Yellow fever is a viral disease transmitted to humans by infected mosquitoes in parts of Central and South America and Africa.
The “yellow" in the name refers to the jaundice (yellowing of the skin and whites of the eyes) that may affect some people. Persons travelling to countries where yellow fever is considered a risk are recommended to see their doctor to discuss vaccinations against the disease, at least 10 days prior to their departure.
Key disease information
Yellow fever is a serious viral disease transmitted by a specific type of mosquito (known as Aedes aegypti). It is found in parts of Africa and Central and South America. The name of the disease comes from the fact that people with serious infections have yellow skin and eyes (jaundice) caused by infection of their liver.
The first symptoms of yellow fever appear 3-6 days after exposure to the virus. These symptoms are known as stage one of the disease, and may include:
- flushed face
- stomach pains
- muscle pain
- restlessness and irritability.
These symptoms last for approximately 3-4 days and then settle over another couple of days. In mild cases, the infection ends here. In more severe cases (approx. 15-25%), this is followed by serious symptoms know as stage two (toxic stage). About 50% of the people that reach this stage will die. Symptoms in stage two include:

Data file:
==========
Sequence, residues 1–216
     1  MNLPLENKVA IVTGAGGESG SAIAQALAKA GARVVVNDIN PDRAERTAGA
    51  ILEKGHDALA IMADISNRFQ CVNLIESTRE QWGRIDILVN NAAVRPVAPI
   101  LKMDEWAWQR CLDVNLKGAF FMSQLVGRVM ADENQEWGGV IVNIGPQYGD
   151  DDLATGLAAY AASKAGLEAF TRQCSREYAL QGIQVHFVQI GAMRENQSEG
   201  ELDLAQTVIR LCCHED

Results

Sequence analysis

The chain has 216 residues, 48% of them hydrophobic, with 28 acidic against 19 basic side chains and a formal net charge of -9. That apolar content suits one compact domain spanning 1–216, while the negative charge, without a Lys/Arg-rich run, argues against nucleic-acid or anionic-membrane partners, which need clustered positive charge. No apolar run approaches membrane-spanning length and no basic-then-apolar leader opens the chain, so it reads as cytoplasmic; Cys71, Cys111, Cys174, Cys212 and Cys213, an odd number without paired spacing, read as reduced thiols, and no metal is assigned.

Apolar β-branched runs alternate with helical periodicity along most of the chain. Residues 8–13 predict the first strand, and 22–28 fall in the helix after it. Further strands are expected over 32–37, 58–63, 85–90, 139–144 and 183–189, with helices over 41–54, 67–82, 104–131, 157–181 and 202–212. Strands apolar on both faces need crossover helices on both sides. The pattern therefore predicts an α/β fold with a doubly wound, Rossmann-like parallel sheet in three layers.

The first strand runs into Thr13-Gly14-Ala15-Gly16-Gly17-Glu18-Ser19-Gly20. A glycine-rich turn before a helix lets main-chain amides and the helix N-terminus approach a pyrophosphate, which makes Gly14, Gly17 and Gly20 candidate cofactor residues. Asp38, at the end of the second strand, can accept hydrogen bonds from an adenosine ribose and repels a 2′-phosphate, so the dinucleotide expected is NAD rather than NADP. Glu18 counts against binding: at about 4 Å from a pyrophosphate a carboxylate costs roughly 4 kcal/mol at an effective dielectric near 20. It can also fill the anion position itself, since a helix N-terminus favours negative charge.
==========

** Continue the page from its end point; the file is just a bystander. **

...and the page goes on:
- high fever
- pain in the upper part of the abdomen with vomiting of black ‘coffee grounds’ /bleeding
- jaundice (yellow skin and eyes)
- kidney failure
- liver failure
Yellow fever is a serious disease - urgent medical advice is needed if you have travelled to an area where yellow fever is present and you develop similar symptoms.
Yellow fever generally only occurs in certain parts of Africa and South America. Therefore, people living in these areas as well as unimmunised travellers are at greater risk of infection.
Yellow fever occurs in 47 countries the tropical and subtropical regions of Africa (34 countries) and Central and South America (13 countries).
Because there is a risk of travellers bringing yellow fever back from these countries to others such as Australia where it does not occur, many countries (including Australia) require proof of vaccination upon entry into the country.
Vaccination is important for preventing yellow fever. Australians travelling to high risk yellow fever areas should be vaccinated against the disease before travel. Travellers are advised to visit their General Practitioner or travel medicine specialist before travelling overseas to discuss suitable vaccination options.
Australians should be aware that yellow fever vaccination may be a formal requirement to enter some countries where the disease is present. Travellers to areas where yellow fever may be present are advised to take extra precaution to avoid being bitten by mosquitoes.
- Using insect repellent when outdoors and wearing light, long sleeved protective clothes
- Treating clothes with repellent
- Taking extra precautions during dusk and dawn when mosquitos are most active